The Lancet Report estimates five risk factors for death in India in 2019.
- The Lancet Report estimates the top five risk factors for deaths in India.
- The top five factors that caused deaths in India
in 2019 were
- air pollution-number of deaths due to this is estimated to be 1.67 million,
- high blood pressure-number of deaths is estimated as 1.47 million deaths
- use of tobacco- 1.23 million deaths
- poor diet- estimated to be 1.18 million deaths and
- high blood sugar- 1.12 million deaths.
- The risk factor analysis is a part of the Global Burden of Disease (GBD) study.
- The researchers have analyzed data from 204 countries on 286 causes of deaths, 369 diseases and injuries and 87 risk factors.
- The latest estimation indicates the vulnerability of the countries to the Covid-19.
- The researchers said that the interaction of Covid-19 with the current global crisis of chronic illness and the related risk factors has put populations vulnerable to health emergencies.
- The risk factors include obesity, high blood pressure, tobacco use, and outdoor air pollution which have risen over the past 30 years.
- The non-communicable cause of deaths in India in 2019 was led by the ischemic heart disease with an estimation of 1.52 million deaths.
- This is followed by the chronic obstructive pulmonary disease with 8,98,000 deaths, strokes 6,99,000 deaths, diabetics 2, 73,000 deaths, cirrhosis and other chronic liver diseases with an estimation of 2,70,000 deaths.
- In 2019, the leading risk factor for health loss was child and maternal malnutrition and the second leading risk factor was air pollution.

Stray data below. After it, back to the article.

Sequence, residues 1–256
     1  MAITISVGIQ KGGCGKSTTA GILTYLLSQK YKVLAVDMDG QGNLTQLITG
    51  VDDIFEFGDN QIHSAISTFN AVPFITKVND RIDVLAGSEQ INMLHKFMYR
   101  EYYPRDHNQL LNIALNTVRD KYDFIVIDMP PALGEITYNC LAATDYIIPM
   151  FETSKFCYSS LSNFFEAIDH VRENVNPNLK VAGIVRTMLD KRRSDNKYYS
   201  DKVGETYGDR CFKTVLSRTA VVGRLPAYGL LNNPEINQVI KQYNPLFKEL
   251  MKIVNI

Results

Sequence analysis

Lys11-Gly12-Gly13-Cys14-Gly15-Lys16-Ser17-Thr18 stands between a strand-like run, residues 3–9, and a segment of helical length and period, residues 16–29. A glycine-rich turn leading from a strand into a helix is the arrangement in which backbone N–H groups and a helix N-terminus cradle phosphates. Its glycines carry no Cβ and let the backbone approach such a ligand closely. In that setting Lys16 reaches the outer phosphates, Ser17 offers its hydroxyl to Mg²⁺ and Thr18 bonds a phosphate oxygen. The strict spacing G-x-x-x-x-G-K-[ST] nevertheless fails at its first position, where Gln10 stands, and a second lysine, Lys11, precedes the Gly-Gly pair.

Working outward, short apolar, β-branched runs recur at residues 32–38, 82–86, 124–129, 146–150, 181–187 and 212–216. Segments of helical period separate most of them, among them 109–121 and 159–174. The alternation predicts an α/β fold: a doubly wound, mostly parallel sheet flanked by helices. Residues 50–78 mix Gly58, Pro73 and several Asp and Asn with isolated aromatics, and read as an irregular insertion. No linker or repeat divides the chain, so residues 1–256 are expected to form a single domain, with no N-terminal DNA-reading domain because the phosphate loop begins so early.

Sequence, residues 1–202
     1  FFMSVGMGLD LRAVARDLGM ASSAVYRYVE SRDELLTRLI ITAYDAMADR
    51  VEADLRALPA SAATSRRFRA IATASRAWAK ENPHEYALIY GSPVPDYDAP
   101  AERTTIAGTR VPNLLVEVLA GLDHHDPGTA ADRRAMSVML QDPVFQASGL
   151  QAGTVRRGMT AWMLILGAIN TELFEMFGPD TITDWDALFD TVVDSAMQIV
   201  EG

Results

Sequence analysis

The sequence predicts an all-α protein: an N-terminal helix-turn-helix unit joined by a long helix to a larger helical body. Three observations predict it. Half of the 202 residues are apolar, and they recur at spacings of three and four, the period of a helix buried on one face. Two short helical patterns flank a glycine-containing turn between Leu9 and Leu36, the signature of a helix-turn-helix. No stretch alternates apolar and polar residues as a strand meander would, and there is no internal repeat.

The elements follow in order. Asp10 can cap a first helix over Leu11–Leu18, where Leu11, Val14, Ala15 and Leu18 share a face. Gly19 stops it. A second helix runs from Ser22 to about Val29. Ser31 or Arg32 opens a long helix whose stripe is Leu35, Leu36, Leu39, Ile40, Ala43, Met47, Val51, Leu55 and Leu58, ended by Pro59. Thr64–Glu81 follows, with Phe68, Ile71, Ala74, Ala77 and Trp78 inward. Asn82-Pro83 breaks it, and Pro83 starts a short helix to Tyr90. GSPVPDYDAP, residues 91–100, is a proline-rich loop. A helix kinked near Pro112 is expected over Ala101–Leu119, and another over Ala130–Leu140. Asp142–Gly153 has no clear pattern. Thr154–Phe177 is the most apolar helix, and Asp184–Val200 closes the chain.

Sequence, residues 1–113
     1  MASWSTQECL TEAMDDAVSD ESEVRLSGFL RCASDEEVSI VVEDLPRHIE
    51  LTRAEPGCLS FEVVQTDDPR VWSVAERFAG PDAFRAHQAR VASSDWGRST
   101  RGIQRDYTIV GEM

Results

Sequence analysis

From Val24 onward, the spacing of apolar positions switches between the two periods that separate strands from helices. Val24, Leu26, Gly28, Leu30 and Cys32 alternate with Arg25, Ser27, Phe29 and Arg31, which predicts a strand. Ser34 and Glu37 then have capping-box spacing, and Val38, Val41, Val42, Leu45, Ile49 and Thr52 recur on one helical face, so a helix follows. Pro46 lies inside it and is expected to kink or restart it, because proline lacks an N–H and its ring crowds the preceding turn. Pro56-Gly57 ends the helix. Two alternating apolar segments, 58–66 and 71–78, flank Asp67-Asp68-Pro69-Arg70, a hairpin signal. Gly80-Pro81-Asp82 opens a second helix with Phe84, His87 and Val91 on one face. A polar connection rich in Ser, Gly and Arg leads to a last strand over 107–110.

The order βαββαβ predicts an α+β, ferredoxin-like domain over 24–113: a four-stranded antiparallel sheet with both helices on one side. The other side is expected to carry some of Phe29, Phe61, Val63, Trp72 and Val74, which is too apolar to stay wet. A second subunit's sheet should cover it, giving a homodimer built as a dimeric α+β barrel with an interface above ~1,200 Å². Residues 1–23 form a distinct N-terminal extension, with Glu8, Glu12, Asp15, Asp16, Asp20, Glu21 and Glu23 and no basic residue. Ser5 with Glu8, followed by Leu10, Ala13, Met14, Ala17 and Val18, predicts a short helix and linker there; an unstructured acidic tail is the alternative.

- The Lancet report said that 58% of the total disease burden in India is due to non-communicable diseases (NCD).This has increased from 29% in 1990.
- The premature deaths due to non-communicable diseases have doubled from 22 to 50 percent.
- India’s life expectancy has increased to 70.8 years in 2019 from 59.6 years in 1990.
- In states, Kerala has the highest life expectancy at 77.3 years an UP the lowest at 66.9 years.
- But the increase in healthy life expectancy which is 60.5 years in India do not match the increase in the growth of life expectancy. This means most of the people are living with illness and disability.
- In India, child and maternal malnutrition is still the top risk factor for illness and death.
- Several states in northern India such as Bihar and Uttar Pradesh contributes 20% of the total disease burden due to child and maternal malnutrition.
- Since 1990, the proportion of total health loss (DALYs) caused by the rise of NCDs is more than 150% in countries like Bhutan, Nepal and Bangladesh.
- These regions are dominated by infectious, maternal, neonatal and nutritional diseases for 30 years.
- One silver lining the authors of the study noted was reduction in infections diseases across the world, including India.
- The achievement, the authors observed, was due to immunisation and better medical care in many countries.
- But, the authors also noted that some countries are still struggling to manage the infectious disease epidemics.
- The researchers for the study noted that there is a correlation between social and economic development to overall health of a human being.
- Thus, they call for doubling down on polices which hamper economic development.
- They also recommended making expanding access to schools and improving the status of women a collective priority for better health.